06 Jul Phil Battaglia Uprooted Himself from the City and Put his Roots Down in the Forest
Forty-two years ago, a Bay Area city kid, with a love of the outdoors, decided to trade in his urban roots for a life in the forest. Since then, Phil Battaglia, General Manager of W. M. Beaty & Associates, Inc., has spent time in the high desert of Susanville to the cold hills of Redding, but when asked if he would change anything about the course of his career, Phil says, “I’ve been blessed. Looking back on my career, I can’t think of anything I would have changed. The people I’ve met, worked with and for, the forests I’ve helped managed and the places I’ve seen have completely validated my decision to be part of the forestry profession.” For someone who essentially fell into this industry, with no family history or connection to it, its abundantly clear that this was a matter of manifest-forest destiny for Battaglia.
As Phil nears the end of a successful career in the industry, he offered some unique insights to anyone considering a similar path. “With a fresh degree from Washington State University, I was pretty naive about what this forestry thing was all about, especially in California. I thought I was going to get a Smokey the Bear hat and a horse.” Actually, he didn’t plan on practicing forestry in California. He planned to fight fire the first summer out of school, write his resume and head back to the Northwest. Obviously, that plan didn’t work out. While Phil speaks fondly of the romantic side of forestry, of being one with California’s majestic forests on a daily basis, he advises future foresters to also keep in mind that this is a highly specialized discipline that has evolved into its own science. So while prospective foresters should never lose sight of their “pie in the sky” notions of forestry, as Phil puts it, they should also be prepared for the intellectually challenging rigors that learning about and working in this sector present to its students and practitioners.
Another telling insight that Phil reveals is the drastic – and not necessarily for the better – evolution of the regulatory side of the forestry sector. When asked about the regulatory dynamic that existed between the forestry sector and the agencies, Phil speaks almost glowingly about the spirit of collaboration and the mutual goal of problem-solving that characterized both sides in the early ‘80s. On this, Phil remarks, “One neat thing is that when I first started, the regulatory agencies were partners. We worked together to solve problems.” While there is no question the changing political landscape in California has resulted in a contentious regulatory environment, the successes of earlier, more collaborative days are not lost on him. “Looking back its easy to see how well our relationship worked out for California’s forests now, even though today it is unfortunately a different story…but I feel content that both sides during those early days did the best we could to ensure forests were managed effectively and responsibly, and you can see the results of that work to this day.”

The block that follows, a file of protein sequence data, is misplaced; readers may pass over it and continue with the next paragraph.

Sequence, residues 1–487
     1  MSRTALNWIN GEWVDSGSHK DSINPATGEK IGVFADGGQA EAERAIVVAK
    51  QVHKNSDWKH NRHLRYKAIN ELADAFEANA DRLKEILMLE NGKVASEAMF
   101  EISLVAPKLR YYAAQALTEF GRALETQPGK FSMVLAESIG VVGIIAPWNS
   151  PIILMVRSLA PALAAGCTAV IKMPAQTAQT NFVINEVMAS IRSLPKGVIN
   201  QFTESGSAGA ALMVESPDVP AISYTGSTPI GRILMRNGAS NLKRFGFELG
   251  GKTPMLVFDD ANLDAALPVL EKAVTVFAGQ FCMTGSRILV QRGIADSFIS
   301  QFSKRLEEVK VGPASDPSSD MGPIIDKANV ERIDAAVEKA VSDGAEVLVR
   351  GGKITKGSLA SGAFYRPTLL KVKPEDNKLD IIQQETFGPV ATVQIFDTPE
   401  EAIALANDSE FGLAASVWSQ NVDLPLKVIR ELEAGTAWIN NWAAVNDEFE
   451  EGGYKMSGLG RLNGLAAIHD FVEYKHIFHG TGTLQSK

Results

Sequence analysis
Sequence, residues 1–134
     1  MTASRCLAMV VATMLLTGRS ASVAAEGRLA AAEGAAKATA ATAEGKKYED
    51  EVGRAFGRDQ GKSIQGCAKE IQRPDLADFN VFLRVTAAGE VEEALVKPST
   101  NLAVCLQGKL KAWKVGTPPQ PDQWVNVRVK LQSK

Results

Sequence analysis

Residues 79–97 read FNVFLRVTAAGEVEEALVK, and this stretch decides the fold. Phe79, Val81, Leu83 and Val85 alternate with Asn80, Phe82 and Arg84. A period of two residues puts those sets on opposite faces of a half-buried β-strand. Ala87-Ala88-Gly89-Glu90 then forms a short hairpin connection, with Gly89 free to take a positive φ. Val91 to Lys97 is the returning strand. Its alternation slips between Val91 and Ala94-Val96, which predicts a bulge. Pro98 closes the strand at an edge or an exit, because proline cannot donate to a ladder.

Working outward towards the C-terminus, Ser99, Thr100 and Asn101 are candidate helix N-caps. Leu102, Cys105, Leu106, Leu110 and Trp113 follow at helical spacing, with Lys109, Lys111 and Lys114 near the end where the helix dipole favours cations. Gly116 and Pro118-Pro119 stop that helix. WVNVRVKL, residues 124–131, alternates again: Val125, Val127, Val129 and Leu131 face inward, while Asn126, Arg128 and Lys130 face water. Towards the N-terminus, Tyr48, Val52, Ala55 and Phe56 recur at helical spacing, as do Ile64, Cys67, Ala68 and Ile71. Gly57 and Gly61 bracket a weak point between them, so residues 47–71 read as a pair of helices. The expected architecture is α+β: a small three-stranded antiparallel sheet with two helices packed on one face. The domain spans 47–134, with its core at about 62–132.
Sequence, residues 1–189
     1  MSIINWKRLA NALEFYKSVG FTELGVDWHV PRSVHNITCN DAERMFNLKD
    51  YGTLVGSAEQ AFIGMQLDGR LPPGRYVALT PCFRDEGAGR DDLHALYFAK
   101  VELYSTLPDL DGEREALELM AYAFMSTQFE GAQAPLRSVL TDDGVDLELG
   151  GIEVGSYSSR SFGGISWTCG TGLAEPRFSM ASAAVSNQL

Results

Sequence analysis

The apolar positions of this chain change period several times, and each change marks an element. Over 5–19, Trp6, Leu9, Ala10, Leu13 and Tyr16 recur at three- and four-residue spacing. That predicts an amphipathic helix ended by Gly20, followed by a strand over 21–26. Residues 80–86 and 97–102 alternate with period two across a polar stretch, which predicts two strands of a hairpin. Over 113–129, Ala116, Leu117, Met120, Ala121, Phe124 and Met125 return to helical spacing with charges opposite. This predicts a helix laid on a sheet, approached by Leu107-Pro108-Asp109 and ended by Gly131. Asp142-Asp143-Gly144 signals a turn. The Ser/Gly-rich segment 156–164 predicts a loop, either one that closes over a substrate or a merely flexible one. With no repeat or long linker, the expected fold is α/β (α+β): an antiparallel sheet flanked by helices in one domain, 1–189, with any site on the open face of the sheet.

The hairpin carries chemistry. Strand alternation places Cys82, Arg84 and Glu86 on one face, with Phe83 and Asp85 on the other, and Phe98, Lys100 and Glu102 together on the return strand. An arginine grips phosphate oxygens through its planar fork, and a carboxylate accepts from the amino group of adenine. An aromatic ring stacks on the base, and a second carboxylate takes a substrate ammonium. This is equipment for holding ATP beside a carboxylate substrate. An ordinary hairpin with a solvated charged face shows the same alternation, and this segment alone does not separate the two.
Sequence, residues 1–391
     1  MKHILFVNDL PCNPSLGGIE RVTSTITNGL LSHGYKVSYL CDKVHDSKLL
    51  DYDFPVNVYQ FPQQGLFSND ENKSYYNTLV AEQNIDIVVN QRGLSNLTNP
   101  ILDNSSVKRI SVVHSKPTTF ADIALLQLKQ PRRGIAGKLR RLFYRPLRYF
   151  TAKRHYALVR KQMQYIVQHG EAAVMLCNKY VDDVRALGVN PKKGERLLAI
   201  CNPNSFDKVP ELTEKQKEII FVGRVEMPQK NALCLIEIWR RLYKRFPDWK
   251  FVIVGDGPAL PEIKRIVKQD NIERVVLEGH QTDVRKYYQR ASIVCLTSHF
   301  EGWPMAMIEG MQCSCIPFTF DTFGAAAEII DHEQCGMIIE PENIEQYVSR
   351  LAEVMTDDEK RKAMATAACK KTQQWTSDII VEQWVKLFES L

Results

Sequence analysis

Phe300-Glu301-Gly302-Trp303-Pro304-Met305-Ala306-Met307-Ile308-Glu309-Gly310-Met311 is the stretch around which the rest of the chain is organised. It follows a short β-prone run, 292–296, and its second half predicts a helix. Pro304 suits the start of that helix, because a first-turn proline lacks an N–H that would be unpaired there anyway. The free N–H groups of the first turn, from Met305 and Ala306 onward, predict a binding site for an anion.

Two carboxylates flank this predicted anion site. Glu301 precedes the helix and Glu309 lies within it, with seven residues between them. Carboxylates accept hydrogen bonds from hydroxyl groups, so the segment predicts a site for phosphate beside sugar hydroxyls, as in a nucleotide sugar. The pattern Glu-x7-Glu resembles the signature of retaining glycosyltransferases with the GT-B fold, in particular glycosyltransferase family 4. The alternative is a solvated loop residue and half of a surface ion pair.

Of course, achieving these important gains did not happen in a vacuum. Forestry is a team effort, even amongst competitors, and Phil speaks highly about the people in this industry. “There is and has been a great group of people within our industry and I can’t think of anyone I wouldn’t want to see or work with again. We waste a lot of paper in this industry as a handshake is usually all it takes.” All that being said, the excitement in Phil’s voice is discernible as he discusses making up for lost fishing days – and avoiding the inevitable “honey-do” list heading his way. He expects to spend more time on the McCloud, his favorite river, enjoying the forest it passes under. Phil, who also enjoys the occasional libation, is also looking forward to kicking back and sipping his drink more slowly. Asked about his favorite drink – it’s anything that Lloyd Bradshaw buys – and while those might be a little harder to come by, he will surely take that in stride.
Whether spending a few minutes with Phil or an entire career working with him, one thing is clear: he is a passionate, consummate professional. When describing his favorite part of the job, his love for forestry cannot be suppressed. “For me, it’s always been about that first job in the spring, turning fresh dirt and seeing the loggers excited to be back. It’s all about that smell you forgot over the winter.” Phil knows this industry intimately. He is immersed in the technical side of forestry, but also understands fully well how the political and regulatory establishment affects it at every step of the process. Owing to his humble persona, he would never call himself this, but he is very much a forestry guru, although you might not necessarily think so when he says, “It seems like first half of your career you’re trying to learn more and every day brings something new. However, towards the end, you’re reflecting back on how much you don’t know and what you didn’t learn.” It’s that sort of humility that has made Phil a beloved member of this industry for more than four decades and it’s also the very spirit that characterizes this sector in a nutshell. While Phil counts himself lucky to have been a part of this special industry for so long, this industry can also count itself lucky that a Bay Area kid decided to leave the city for greener pastures (read: forests).